If you’re always putting your jeans into the wash after every use, you’re doing it wrong. No, you’re not supposed to wash it monthly either. Levi’s CEO Chip Bergh reminded us that not only do you not need to wash your denim, you shouldn’t wash your denim. The pants he was wearing? Those old things have yet to see a washing machine in the one year he has been wearing them. While Levi’s stand on laundry is nothing new, in a climate like Malaysia’s, it’s disgusting just to think of unwashed jeans. So welcome to Jeans Care 101.

Freshen up with the freezer
Levi’s has been spouting the “no wash” method for years, sparking a fad of freezing jeans (yes, like in the freezer) to rid the jeans of these little things called bacteria. If you are not put-off by the idea of placing your dirty jeans in a freezer along with your food stock, experts agree that a pair of jeans stored in a Zip-Lock bag in a freezer for a good few days is a pretty good way of keeping your denim’s bacteria au minimal.

Steam them out
So maybe you’re not into packing up your pants in the fridge like it’s meat. And you think maybe you’ll just rinse the obvious problem spots and then toss them in the dryer for a little tumble. Stop. Just stop right there. Hang them in the bathroom while you shower and let the steam rejuvenate your jeans. If they feel a little damp, hang them outside to dry, but stay clear from direct sunlight. The giant ball of light in the sky can bleach your dark jeans faster than you can sing Lana Del Ray’s Blue Jeans.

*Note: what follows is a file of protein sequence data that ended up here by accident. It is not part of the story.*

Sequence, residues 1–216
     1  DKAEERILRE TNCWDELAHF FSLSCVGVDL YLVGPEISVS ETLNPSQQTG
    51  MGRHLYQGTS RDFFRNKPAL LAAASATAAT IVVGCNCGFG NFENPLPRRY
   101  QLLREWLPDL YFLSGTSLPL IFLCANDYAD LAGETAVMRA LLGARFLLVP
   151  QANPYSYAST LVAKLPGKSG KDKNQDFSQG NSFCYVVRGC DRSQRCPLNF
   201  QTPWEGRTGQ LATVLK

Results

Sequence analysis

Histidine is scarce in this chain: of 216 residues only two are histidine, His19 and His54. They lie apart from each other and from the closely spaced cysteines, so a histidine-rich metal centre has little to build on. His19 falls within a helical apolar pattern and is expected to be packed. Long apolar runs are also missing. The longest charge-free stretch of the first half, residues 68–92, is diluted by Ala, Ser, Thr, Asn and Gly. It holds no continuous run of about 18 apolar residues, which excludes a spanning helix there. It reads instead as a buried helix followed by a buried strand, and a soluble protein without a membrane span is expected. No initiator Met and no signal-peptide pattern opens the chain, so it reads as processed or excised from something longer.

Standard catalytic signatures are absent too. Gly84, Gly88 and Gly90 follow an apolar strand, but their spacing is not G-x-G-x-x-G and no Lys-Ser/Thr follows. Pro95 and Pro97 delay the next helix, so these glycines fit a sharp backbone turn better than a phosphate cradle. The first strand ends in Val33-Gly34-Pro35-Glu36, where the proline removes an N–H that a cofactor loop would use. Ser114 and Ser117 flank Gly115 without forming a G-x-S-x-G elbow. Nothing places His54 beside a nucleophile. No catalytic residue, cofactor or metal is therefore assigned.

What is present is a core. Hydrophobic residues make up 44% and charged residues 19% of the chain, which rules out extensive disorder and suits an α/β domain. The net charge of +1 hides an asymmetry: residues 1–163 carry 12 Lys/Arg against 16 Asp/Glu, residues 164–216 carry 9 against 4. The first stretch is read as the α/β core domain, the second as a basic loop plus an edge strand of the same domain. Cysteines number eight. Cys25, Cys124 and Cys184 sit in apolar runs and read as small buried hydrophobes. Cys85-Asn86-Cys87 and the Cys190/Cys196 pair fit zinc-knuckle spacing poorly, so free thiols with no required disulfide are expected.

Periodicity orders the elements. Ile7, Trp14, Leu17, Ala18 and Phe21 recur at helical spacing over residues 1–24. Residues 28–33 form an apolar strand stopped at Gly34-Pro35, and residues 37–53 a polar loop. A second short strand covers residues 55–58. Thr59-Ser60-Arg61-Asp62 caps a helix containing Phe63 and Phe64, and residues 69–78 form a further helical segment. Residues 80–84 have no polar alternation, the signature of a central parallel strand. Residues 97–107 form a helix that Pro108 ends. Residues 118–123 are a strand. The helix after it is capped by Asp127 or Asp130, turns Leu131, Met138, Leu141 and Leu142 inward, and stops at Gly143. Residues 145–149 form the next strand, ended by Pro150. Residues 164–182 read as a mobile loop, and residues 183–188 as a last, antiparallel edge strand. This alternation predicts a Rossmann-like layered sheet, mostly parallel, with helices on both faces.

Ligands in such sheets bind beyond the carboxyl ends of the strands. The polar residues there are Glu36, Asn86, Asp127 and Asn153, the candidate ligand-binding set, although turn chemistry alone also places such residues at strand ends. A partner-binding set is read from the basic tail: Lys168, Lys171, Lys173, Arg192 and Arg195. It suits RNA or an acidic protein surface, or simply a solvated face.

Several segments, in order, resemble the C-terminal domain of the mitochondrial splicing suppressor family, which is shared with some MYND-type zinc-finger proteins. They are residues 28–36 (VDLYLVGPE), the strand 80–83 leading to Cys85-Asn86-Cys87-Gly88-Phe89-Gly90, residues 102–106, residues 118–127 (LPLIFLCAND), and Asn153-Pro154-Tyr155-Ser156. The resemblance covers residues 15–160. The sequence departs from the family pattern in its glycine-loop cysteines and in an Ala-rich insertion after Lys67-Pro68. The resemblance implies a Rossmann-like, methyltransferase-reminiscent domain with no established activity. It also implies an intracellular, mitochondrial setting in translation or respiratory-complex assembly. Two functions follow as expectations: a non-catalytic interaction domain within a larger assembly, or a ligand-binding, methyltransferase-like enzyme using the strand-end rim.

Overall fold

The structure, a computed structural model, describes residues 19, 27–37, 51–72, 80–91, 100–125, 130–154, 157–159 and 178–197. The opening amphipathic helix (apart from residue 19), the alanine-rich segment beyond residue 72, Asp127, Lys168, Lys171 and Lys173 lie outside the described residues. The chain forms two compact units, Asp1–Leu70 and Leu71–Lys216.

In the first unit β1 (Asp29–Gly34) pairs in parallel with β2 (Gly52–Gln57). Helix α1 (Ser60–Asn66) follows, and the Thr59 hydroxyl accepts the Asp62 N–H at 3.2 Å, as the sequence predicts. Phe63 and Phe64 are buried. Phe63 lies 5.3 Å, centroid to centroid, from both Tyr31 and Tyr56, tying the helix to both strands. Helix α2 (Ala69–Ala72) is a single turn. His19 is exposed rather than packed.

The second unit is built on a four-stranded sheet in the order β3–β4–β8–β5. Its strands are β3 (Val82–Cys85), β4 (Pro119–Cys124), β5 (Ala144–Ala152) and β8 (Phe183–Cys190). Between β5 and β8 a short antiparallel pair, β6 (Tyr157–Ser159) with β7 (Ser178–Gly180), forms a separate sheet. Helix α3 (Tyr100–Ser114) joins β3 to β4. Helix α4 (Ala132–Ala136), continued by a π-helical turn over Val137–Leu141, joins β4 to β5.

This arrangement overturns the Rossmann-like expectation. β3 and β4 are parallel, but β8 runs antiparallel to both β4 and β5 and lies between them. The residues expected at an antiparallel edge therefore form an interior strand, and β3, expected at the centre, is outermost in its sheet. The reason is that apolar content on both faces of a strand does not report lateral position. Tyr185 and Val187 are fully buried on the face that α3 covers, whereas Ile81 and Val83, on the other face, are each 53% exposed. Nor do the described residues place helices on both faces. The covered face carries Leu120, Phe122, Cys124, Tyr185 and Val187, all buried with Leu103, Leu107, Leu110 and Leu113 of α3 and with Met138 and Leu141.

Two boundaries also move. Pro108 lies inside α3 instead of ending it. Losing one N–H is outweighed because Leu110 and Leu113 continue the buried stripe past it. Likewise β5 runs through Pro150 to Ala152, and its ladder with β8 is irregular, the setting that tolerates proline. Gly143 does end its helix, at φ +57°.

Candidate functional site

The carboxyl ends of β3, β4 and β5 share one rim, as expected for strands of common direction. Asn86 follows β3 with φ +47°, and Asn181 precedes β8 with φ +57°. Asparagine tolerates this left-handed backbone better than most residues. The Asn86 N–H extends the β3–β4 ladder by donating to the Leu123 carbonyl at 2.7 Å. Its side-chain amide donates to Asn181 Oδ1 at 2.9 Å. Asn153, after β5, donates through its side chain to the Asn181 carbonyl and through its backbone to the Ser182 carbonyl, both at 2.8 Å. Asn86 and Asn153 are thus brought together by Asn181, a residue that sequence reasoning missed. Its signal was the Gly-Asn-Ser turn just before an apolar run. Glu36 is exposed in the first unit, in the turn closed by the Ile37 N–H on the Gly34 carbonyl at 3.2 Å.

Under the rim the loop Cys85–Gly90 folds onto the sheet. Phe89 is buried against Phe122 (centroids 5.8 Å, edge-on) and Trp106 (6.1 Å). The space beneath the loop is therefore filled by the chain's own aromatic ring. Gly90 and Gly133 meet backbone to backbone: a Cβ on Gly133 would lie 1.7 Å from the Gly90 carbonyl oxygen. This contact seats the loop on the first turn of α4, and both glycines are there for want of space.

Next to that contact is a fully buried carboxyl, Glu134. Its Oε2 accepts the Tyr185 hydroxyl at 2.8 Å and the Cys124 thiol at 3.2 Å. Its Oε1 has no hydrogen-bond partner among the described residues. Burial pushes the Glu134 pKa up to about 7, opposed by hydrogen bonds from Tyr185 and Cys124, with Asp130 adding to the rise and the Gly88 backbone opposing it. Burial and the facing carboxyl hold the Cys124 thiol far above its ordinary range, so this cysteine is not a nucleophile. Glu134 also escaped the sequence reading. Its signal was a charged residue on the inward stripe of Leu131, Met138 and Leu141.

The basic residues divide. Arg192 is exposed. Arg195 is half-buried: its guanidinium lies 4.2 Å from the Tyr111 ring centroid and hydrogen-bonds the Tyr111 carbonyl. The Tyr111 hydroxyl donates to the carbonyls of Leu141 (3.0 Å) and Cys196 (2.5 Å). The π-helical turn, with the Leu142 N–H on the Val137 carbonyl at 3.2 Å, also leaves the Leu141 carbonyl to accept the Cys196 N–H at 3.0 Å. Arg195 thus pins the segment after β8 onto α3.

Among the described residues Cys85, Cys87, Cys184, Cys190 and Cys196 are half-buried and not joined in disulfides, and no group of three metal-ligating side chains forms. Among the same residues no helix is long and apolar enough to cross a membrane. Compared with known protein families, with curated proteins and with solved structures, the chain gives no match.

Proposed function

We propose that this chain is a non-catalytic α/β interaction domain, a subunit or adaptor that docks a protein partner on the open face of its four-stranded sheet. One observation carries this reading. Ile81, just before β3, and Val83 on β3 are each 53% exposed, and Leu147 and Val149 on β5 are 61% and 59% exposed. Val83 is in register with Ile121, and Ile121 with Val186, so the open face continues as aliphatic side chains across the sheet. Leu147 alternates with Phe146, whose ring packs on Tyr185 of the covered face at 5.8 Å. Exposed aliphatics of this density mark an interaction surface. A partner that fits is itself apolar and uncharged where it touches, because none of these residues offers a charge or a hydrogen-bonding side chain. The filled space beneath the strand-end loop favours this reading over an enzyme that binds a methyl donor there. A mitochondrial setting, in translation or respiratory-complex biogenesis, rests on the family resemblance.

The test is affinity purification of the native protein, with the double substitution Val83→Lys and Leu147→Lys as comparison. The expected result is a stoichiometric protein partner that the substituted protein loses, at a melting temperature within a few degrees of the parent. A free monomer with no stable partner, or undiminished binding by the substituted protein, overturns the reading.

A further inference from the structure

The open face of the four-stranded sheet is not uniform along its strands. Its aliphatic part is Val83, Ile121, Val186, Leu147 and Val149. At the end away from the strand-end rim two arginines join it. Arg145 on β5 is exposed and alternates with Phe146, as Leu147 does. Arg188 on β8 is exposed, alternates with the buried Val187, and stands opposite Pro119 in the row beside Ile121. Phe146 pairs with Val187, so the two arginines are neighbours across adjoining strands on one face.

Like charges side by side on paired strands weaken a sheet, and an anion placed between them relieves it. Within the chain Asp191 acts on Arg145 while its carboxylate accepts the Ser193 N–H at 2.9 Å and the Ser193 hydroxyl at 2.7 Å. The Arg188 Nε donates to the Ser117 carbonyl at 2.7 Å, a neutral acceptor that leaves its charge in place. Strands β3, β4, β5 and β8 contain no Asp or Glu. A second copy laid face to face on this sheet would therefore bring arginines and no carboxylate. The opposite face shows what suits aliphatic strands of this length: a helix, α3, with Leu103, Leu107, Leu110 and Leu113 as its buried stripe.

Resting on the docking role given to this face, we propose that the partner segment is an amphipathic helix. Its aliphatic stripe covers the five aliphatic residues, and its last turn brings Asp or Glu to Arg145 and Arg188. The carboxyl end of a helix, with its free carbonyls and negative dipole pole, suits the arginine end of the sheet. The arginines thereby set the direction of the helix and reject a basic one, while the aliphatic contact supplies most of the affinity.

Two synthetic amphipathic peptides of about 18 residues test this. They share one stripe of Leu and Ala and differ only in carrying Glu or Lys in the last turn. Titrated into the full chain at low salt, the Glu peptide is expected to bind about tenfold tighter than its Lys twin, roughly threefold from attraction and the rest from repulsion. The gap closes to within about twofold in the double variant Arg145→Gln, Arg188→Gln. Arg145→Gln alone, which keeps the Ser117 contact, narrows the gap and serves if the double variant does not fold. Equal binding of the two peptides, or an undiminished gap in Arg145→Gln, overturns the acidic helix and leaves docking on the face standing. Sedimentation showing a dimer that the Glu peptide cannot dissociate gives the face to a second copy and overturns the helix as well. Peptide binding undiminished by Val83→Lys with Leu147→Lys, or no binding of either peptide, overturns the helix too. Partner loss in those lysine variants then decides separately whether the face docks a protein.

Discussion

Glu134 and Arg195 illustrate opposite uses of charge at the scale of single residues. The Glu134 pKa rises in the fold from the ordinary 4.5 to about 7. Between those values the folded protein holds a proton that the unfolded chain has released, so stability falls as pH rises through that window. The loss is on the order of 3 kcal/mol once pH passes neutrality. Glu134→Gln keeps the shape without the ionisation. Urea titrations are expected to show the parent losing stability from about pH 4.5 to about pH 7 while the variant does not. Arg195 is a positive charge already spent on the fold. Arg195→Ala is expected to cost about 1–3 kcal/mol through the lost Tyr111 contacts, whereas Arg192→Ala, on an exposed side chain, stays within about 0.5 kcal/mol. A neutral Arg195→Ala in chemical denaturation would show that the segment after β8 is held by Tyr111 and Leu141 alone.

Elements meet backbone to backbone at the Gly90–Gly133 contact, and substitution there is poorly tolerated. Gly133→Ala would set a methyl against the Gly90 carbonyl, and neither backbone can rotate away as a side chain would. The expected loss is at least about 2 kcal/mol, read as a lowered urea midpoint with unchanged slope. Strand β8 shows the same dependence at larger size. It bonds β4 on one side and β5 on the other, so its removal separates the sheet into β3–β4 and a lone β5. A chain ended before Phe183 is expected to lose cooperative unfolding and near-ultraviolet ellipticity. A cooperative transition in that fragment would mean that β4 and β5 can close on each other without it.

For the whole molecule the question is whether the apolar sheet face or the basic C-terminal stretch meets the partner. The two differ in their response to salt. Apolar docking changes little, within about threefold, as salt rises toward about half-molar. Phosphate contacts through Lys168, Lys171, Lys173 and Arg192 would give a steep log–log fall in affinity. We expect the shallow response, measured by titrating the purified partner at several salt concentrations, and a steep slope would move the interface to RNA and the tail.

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Make a Cosmo-jeans-litan
OK not really, but lightly spritzing your jeans with Vodka is a tried and tested way that many swear by. Not only does it kill the odour-causing bacteria, it also doesn’t leave your jeans smelling like the floor of a brewery. And it works with just about any item of clothing too! We don’t know about you, but it sure sounds to us like a fun way of keeping your clothes clean – a spritz on your jeans, a spritz in your mouth, and everyone’s happy.

Away with stubborn stains
The first thing to remember about stains is the longer you leave it in, the harder it will be to get out. So if you have a little bloody mishap (we’ve all been there), soak the area with cold water and use a mild soap bar to get the stain out. The same applies for grass stains, except you should use warm water instead of cold. Grease and oily stains, on the other hand, can be treated by pouring corn starch or talcum on the area, allowing it to absorb the grease before it sets.

Image: Dmitriy Shironosov / 123RF.com
Text: Ashley Ahn